Medical Research At Columbia Gets A $66 Million Shot In The Arm New Building Named For Russ Berrie

New York, N.Y., May 30, 1997 - Columbia University runs the largest medical research enterprise in New York. Today it became even bigger with the opening of the $66 million Russ Berrie Medical Science Pavilion at Columbia-Presbyterian Medical Center. The building, named for New Jersey businessman Russ Berrie, doubles Columbia's laboratory space for cancer research, devotes two floors to an expanded $30 million genetics program, and will house New York's most comprehensive diabetes research and treatment center.

Despite the fact that medical research funding at Columbia has nearly doubled in the last decade from $106 million in 1987 to $203 million in 1996,* the Russ Berrie building is the first new research building on Columbia's medical center campus in more than 20 years. The building was financed in part by a $13.5 million gift from Mr. Berrie, founder of Russ Berrie and Company Inc., (Oakland, N.J.), one of the world's premier plush toy and upscale gift companies. The balance was funded by a $10 million gift from the Fairchild Foundation, plus a mix of federal, state, and Columbia money. The seven-story, 175,000-gross-square-foot facility is the second structure in Columbia's growing Audubon Biomedical Science and Technology Park. Audubon, the first and only university-related research park in New York City, will eventually consist of five academic and commercial research facilities. The first building, known as the Mary Woodard Lasker Medical Research Building, houses 15 biotechnology companies. Together, the two buildings foster collaboration between industry and academic science. Columbia has more than 250 active license collaborations with industry and ranks among the nation's top three universities in the revenues it derives from technology transfer activities. "This type of research building is exactly what New York needs to regain its dominance in biomedical research and establish a foothold in the biotech industry," says Herbert Pardes, M.D., vice president for Health Sciences and dean of the faculty of medicine at Columbia University. "By mixing industry and academic science in the same research park, ideas and collaboration will flourish. That's good for Columbia and it's great for New York."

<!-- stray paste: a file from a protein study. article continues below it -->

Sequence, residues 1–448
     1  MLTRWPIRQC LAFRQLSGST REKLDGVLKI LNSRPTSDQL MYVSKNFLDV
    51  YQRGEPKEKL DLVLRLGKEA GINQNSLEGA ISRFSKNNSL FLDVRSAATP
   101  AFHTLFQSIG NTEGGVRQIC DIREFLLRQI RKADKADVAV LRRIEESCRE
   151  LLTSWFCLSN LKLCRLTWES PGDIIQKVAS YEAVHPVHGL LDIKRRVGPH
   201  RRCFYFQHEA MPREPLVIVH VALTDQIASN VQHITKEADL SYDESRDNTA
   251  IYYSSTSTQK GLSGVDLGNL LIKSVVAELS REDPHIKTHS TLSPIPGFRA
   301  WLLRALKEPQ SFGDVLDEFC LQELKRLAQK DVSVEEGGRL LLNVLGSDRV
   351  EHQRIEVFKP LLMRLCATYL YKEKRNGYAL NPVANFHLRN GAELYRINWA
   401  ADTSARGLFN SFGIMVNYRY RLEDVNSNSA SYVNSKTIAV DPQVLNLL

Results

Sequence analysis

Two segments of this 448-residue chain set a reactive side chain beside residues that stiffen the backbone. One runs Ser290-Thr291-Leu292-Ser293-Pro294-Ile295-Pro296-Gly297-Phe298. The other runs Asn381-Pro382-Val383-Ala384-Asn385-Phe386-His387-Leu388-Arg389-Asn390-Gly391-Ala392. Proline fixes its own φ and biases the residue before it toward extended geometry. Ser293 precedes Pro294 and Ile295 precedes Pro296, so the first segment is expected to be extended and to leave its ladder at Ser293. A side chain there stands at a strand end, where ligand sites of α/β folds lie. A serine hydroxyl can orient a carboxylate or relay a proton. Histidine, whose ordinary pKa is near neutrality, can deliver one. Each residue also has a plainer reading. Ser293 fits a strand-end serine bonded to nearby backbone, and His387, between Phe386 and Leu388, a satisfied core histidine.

The structure was designed by Davis Brody Bond and sits east of Columbia-Presbyterian Medical Center on Broadway at 168th Street in the Washington Heights section of Manhattan. The building features underground parking, first-floor retail space and conference facilities for up to 180 people, and five floors of research space. Occupants will move into the building after July 1.

The Naomi Berrie Diabetes Center will occupy the second floor. The center is named in honor of Mr. Berrie's mother who, like her son, had diabetes. The center will offer patient care and conduct research on a scale not currently available in New York. It will open for patients sometime in early 1998.

Columbia's Genome Center, dedicated to the identification of novel human genes associated with many genetically based diseases, will occupy space equivalent to two floors in the building. A recent $30 million agreement between Columbia and VIMRx Pharmaceuticals has contributed to a major expansion of Columbia's Genome Center where investigators are on the forefront of the race to identify genes associated with cancer, Alzheimer's disease, epilepsy, manic-depressive disorder, glaucoma, and other diseases.

Up to eight faculty from Columbia's Herbert Irving Comprehensive Cancer Center (one of only two comprehensive cancer centers in New York) will study cancer genetics in new space at the Russ Berrie Pavilion.

An expanded research program in pediatrics will occupy approximately 12,000 square feet of space in the new building. A significant portion of this space will be occupied by a new division of molecular genetics that is interested in the molecular mechanisms which determine control of body weight and mediate susceptibility to diabetes.

*Includes all sponsored projects at Columbia University's Health Sciences Division including the schools of medicine, public health, nursing and dentistry, but excluding grants to The New York State Psychiatric Institute and Columbia faculty at affiliate hospital


Columbia Genome Center, Columbia University, New York, Russ Berrie